Monday, 26 November/Tuesday, 27 November – Rumpole of the Old Bailey – John Mortimer


Filed under Desert Heat, J.A. Jance

The Archetypal Man*

Over the years, there’ve been some interesting character types that have become an integral part of crime fiction. They’re almost mythical, in a way, because we know the reality is a lot more complex than the myth. It’s a bit like the myth vs the reality of the famous shootout at the OK Corral. And, yet, those mythical characters can add to a story. And they’ve helped shape our perception of crime-fictional characters.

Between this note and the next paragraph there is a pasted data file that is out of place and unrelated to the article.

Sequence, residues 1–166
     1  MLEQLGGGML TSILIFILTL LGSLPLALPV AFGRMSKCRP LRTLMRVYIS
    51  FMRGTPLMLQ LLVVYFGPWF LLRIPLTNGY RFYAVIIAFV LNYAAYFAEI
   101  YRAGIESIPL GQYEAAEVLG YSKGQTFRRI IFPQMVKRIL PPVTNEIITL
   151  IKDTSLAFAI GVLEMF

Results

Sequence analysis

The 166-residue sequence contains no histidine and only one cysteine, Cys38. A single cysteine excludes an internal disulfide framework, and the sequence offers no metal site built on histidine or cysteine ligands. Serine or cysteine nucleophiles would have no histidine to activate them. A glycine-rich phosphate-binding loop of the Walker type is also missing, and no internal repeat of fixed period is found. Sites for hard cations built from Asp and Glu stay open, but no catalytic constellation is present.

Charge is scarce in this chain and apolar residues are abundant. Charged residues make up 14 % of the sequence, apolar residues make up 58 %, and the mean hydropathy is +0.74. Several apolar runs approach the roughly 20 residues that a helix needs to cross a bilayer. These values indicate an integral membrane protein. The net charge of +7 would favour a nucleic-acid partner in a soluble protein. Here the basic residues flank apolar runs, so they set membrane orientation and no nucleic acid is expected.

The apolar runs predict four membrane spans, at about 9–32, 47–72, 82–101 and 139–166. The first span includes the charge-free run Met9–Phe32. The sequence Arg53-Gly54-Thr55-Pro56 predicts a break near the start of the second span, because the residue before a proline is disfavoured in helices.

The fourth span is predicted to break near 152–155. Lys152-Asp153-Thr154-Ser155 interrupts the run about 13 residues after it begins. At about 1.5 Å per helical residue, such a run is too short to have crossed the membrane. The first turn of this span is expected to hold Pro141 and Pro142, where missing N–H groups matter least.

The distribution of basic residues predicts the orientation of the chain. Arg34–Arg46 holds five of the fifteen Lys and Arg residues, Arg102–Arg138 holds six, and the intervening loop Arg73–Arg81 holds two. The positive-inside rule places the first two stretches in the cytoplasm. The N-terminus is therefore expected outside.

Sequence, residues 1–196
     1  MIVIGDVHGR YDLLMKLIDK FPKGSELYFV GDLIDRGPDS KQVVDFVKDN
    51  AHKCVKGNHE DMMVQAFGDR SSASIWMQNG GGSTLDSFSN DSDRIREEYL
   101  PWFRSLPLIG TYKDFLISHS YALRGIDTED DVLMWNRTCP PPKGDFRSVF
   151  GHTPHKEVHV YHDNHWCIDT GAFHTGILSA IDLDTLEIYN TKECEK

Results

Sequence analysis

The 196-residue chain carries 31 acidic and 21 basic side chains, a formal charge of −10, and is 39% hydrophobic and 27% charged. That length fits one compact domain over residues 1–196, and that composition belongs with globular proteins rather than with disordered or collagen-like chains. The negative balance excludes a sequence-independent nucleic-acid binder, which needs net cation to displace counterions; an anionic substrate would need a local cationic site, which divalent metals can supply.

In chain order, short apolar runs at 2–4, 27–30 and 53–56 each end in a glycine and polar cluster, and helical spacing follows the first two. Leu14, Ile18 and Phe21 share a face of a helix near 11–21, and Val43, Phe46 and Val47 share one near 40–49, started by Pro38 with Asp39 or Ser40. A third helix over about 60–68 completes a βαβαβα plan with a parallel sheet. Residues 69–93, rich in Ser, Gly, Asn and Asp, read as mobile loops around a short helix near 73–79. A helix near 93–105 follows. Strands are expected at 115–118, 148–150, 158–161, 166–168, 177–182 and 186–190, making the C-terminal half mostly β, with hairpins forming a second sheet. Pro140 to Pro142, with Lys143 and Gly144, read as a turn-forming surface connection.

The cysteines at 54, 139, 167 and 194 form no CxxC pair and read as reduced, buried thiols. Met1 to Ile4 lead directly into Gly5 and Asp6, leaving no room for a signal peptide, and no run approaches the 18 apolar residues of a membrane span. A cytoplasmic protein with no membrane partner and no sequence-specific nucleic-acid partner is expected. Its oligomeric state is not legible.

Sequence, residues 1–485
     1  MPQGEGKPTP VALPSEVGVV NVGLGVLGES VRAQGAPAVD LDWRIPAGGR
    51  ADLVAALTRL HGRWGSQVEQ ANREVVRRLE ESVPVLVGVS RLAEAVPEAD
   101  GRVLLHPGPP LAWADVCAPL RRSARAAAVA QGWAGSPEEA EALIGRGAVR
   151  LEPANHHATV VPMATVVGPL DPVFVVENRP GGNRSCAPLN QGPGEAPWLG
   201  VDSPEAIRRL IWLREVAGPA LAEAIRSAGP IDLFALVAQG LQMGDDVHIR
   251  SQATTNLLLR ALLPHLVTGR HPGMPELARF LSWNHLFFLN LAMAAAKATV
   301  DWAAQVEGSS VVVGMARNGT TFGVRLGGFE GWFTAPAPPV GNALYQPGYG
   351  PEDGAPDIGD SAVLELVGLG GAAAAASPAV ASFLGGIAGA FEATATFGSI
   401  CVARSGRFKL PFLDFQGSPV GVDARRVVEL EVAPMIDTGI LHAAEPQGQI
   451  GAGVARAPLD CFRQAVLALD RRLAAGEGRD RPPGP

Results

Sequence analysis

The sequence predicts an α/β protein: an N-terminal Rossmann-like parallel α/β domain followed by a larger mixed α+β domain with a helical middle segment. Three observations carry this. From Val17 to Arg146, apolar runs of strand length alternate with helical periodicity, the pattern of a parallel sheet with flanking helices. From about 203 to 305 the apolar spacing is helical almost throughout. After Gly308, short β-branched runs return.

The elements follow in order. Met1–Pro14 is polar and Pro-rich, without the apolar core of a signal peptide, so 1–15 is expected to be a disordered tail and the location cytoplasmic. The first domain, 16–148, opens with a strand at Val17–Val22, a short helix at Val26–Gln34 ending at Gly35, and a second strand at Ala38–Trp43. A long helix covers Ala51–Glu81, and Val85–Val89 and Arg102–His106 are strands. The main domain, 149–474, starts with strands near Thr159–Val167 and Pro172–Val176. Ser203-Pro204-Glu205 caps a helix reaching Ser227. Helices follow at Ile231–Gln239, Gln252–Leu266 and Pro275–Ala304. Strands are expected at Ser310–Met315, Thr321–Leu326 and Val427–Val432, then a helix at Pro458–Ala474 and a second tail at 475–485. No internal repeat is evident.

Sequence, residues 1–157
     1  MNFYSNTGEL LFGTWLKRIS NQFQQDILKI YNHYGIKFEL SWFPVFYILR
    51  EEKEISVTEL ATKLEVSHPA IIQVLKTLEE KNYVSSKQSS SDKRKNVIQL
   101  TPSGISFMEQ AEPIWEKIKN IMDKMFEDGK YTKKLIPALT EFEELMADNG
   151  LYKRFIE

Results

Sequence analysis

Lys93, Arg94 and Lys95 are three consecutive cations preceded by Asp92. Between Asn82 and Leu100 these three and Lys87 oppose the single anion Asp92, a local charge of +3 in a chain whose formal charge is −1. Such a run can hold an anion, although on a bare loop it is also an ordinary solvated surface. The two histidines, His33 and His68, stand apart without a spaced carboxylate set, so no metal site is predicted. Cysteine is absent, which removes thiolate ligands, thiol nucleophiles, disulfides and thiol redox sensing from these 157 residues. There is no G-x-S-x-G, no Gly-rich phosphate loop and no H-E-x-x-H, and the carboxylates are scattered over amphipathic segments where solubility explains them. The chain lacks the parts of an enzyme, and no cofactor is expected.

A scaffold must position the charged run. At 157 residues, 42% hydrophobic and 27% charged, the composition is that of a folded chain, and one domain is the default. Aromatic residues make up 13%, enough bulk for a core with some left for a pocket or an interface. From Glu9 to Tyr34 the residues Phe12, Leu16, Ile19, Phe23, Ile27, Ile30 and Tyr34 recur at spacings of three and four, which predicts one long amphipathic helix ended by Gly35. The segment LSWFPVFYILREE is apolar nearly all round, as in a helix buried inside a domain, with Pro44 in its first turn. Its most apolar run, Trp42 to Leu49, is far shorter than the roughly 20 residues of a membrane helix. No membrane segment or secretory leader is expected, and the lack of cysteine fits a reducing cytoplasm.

One mythical sort of character is the crusading lawyer personified in Erle Stanley Gardner’s Perry Mason novels. On television, Mason was, of course, portrayed by Raymond Burr. This character fights for the defendant, comes up with all sorts of strategies, surprise witnesses, and so on, and works to get justice for the client. The reality is, of course, much more complex than what was presented in the TV series, especially. And modern crime-fictional attorneys show that complexity. Most attorneys (both in real life and in crime fiction) do want to do their jobs well. They want to win their cases, and they do try to do so in an ethical way. But sometimes, their clients are guilty. Sometimes, they do things that aren’t exactly above-board, so to speak. And they don’t always win their cases. But many people still want to believe in the Perry Mason type of attorney.